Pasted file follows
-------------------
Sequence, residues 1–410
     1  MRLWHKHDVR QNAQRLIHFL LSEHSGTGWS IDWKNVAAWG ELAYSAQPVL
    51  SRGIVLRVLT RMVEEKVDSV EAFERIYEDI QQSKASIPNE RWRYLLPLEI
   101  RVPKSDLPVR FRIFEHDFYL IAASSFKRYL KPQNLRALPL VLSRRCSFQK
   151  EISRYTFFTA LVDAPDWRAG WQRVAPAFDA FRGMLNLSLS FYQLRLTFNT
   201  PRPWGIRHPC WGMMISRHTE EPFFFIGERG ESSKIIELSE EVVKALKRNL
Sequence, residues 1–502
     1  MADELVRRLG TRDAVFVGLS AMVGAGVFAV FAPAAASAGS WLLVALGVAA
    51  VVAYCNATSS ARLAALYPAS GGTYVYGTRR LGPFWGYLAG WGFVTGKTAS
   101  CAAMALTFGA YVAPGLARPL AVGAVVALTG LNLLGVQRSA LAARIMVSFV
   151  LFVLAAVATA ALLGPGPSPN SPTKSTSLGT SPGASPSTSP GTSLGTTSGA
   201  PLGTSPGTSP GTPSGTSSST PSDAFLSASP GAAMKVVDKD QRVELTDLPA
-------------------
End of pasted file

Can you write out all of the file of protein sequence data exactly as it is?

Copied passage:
Sequence, residues 1–410
     1  MRLWHKHDVR QNAQRLIHFL LSEHSGTGWS IDWKNVAAWG ELAYSAQPVL
    51  SRGIVLRVLT RMVEEKVDSV EAFERIYEDI QQSKASIPNE RWRYLLPLEI
   101  RVPKSDLPVR FRIFEHDFYL IAASSFKRYL KPQNLRALPL VLSRRCSFQK
   151  EISRYTFFTA LVDAPDWRAG WQRVAPAFDA FRGMLNLSLS FYQLRLTFNT
   201  PRPWGIRHPC WGMMISRHTE EPFFFIGERG ESSKIIELSE EVVKALKRNL
Sequence, residues 1–502
     1  MADELVRRLG TRDAVFVGLS AMVGAGVFAV FAPAAASAGS WLLVALGVAA
    51  VVAYCNATSS ARLAALYPAS GGTYVYGTRR LGPFWGYLAG WGFVTGKTAS
   101  CAAMALTFGA YVAPGLARPL AVGAVVALTG LNLLGVQRSA LAARIMVSFV
   151  LFVLAAVATA ALLGPGPSPN SPTKSTSLGT SPGASPSTSP GTSLGTTSGA
   201  PLGTSPGTSP GTPSGTSSST PSDAFLSASP GAAMKVVDKD QRVELTDLPA